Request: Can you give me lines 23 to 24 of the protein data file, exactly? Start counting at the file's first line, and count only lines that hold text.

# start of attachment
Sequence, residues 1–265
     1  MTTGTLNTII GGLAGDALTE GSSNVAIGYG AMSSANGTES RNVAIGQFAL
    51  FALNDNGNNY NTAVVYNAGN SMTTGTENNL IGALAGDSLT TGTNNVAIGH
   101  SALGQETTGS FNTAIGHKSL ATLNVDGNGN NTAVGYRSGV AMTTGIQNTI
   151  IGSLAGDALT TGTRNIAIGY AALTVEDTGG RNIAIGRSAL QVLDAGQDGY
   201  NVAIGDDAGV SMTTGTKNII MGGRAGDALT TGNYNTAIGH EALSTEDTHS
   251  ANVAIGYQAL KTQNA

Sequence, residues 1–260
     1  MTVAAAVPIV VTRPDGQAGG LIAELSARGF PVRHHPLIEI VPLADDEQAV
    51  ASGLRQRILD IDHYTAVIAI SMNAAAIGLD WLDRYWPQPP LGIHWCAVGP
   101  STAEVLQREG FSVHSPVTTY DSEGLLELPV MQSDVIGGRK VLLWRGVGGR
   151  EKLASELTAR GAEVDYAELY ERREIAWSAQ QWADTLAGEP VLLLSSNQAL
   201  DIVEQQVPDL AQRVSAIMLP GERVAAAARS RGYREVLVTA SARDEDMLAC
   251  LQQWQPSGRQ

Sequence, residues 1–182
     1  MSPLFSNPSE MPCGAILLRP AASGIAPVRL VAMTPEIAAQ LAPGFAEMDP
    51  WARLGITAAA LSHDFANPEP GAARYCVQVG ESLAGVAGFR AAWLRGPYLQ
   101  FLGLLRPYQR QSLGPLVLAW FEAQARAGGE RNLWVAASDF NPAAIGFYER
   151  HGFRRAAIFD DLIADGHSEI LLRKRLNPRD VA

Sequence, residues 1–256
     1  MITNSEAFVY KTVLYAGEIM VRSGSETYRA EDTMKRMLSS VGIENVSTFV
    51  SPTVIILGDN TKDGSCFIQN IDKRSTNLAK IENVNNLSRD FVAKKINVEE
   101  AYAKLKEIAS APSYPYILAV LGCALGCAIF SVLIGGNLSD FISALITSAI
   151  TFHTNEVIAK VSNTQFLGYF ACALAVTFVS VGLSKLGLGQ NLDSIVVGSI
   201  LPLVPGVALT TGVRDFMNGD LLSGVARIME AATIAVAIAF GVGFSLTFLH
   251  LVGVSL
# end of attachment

   101  AYAKLKEIAS APSYPYILAV LGCALGCAIF SVLIGGNLSD FISALITSAI
   151  TFHTNEVIAK VSNTQFLGYF ACALAVTFVS VGLSKLGLGQ NLDSIVVGSI